Description of a project on detectin
g differentially expression and clustering
Dataset:
The experiment of Hung, Baldi, and Hatfield (2002) compared
two
Escherichia coli
strains, lpr+
versus lrp
−
, using
four Affymetrix
E. coli
arrays in each condition. In
the lpr
−
strain, the gene
lrp has been knocked out, and should not exhibit
transcription. The
limma
user’s guide (Smyth,
Thorne,
andWettenhall, 2005) presents these data as an example, with
estimated expression
obtained via
rma
and scripts for analysis
in
limma
.
PP 54

57
.
http://bioinf.wehi.edu.au/limma/usersguide.pdf
The raw data (CDF and CEL files) are also available at:
http://www.bios.unc.edu/~fwright/Affyshrink/
(I) The first part is per differential expression detecting
The scientific question is
to compare several methods in detecting differential
gene
expression.
More specifically,
the methods to be compared are:
(1) The empirical Bayesian methods
proposed in Smyth (2004), using the R
limma
package in Bioconductor; (2) SAM t

statistic using
the
R package
siggenes
; (3) Ordinary two

sample t

statistic; (4) A new statistic using a mean

variance model proposed in Hu and Wright (2007). The attached file ``examplescript.R"
contains the main R codes, with the required functions and data available at
h
ttp://www.bios.unc.edu/~fwright/Affyshrink/.
Questions:
1.
What are the top
100
genes detected by
the method in Hu and Wright (2007)
?
2. For comparison, p
leas
e
also list the ranks of these 100
genes based on the other 3 statistics.
3.
U
se
a
simulatio
n study to assess the performance of the 4 methods.
The general idea follows.
Assume the degree of differential expression δ
i
, defined as in (5) of Hu and Wright (2007),
follows a distribution F. G
enerate 5000 genes with 4 arrays under each of tw
o cond
itions.
G
enerate the mean expression
μ
1
for condition 1 from an
independent Chi

square distribution
with the degree
s

of

freedom 5 multiplied by 1000.
T
ake β
0
=

4, β
1
=1.5, and ξ
2
=0 in (2) of Hu
and Wright (2007).
Thus
σ
2
1
can be obtained straightforwar
dly from (2). In addition,
μ
2
and σ
2
2
can be computed from
equation (5). T
he gene expression data under
condition k can be
generated from
a
normal distribution with mean μ
k
and variance σ
2
k
, k=1,2.
A
ssess the performances in terms of false discovery
rate (FDR), which can be obtained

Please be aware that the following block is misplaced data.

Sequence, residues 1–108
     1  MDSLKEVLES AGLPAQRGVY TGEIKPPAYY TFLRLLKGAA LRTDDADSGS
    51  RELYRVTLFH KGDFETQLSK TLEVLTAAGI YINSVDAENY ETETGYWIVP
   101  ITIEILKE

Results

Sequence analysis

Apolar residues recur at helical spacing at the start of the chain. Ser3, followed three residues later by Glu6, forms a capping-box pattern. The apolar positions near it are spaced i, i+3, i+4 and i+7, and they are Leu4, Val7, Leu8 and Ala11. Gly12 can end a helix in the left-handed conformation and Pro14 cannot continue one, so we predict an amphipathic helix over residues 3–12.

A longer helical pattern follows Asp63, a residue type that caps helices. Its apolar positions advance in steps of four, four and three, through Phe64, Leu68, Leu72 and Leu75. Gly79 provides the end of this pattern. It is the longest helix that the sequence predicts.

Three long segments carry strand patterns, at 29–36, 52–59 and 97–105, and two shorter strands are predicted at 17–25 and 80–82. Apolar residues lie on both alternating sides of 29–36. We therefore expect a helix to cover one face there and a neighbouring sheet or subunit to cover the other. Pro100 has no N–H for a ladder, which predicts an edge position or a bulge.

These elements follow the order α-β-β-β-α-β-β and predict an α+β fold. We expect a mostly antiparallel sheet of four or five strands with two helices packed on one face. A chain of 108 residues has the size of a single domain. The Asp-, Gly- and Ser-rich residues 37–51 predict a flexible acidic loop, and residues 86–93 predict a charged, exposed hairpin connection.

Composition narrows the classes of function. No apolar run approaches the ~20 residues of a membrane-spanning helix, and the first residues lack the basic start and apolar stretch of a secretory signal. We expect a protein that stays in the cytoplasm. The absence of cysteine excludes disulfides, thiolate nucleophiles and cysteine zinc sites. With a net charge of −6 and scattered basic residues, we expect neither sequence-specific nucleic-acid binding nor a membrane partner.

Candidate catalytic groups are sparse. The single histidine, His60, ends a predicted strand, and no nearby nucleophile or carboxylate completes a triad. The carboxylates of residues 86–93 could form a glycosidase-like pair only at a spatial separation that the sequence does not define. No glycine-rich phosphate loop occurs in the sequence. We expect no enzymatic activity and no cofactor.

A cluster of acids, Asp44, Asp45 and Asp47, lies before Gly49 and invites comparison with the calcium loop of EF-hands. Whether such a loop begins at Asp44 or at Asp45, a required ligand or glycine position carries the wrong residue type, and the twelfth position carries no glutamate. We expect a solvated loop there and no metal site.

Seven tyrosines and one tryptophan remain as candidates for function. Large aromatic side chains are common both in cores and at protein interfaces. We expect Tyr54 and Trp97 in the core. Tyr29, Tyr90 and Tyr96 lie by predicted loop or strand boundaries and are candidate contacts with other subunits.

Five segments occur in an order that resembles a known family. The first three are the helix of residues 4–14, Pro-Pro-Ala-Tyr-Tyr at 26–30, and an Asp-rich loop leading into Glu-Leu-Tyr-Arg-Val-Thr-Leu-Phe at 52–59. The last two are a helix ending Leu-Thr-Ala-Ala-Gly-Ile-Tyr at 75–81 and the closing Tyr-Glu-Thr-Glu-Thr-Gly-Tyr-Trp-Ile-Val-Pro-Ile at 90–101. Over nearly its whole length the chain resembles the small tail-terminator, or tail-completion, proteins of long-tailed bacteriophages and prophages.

straightforwardly given the number of detected genes with known
δ
i
. Note that
δ
i
=0 corresponds
to no differential expression (H
0
);
a
non

zero value indicates some degree of differential
expression (H
a
).
C
onsider two
cases (1)
δ
i
=0 with probability
0.9 and
δ
i
=2 with probability
0.1.
(2)
δ
i
=0 with probability
0.8 and
δ
i
~N(0, 1) with probability
0.2.
C
ompute the FDRs for detecting 1 and up to 300 genes
based on each method. S
ho
w the plots
of FDRs versus the number of detected genes of all th
e methods in one Figure. T
he detailed
procedure needs to be shown in the report.
Note:
Ideally 500 simulations need to be implemented to obtain relatively efficient estimate
s
of
FDR.
However, a smaller number of simulations (at least 100) can be presented if the
computation is time consuming.
R
efer Hu and Wright (2007) for the details.
Bonus question
: The small

sample data
set above
makes it impossible to assess the statistical
significance of the proposed method in Hu and Wright (together with several other methods)
using permutation based procedur
es. Can you propose anything
to solve this problem?
(II) The second
part is per
clus
tering
Please perform
a
clustering analysis on
the top 100 genes detected
by the method in Hu and
Wright (2007) using the same real data set described above. Two specific clustering techniques
should be considered: (1) K

means clustering, which can be imp
lemented using R function
kmeans
(Hartigan and Wong, 1979); (2)
agglomerative hierarchical clustering that is
implemented in R function
hclust
f
rom package
stats
and function
agnes
from package
cluster
.
Please explore different distance metric (i.e., Eucl
idean distance, one minus the Pearson
correlation coefficient).
S
ummarize the clustering results and make comparisons among these different techniques.
Reference:
Hung, S., Baldi, P., and Hatfield, W. G. (2002). Global gene
expression profiling in
Esch
erichia
coli k12.
Journal of
Biological Chemistry
277,
40309
–
40323.
Smyth, G. K. (2004). Linear models and empirical Bayes
methods for assessing differential
expression in microarray
experiments.
Statisti
cal Applications in Genetics and
Molecular
Biology
3,
3.
Hu, J. and Wright, F.A. (2007). Assessing differential gene expression with small sample size in
Oligonucleotide arrays using a mean

variance model.
Biometrics
63
, 41

49.
Hartigan, J. A. and Wong, M. A. (1979). A K

means clustering algorithm.
Appli
ed Statistics
28
,
100

108
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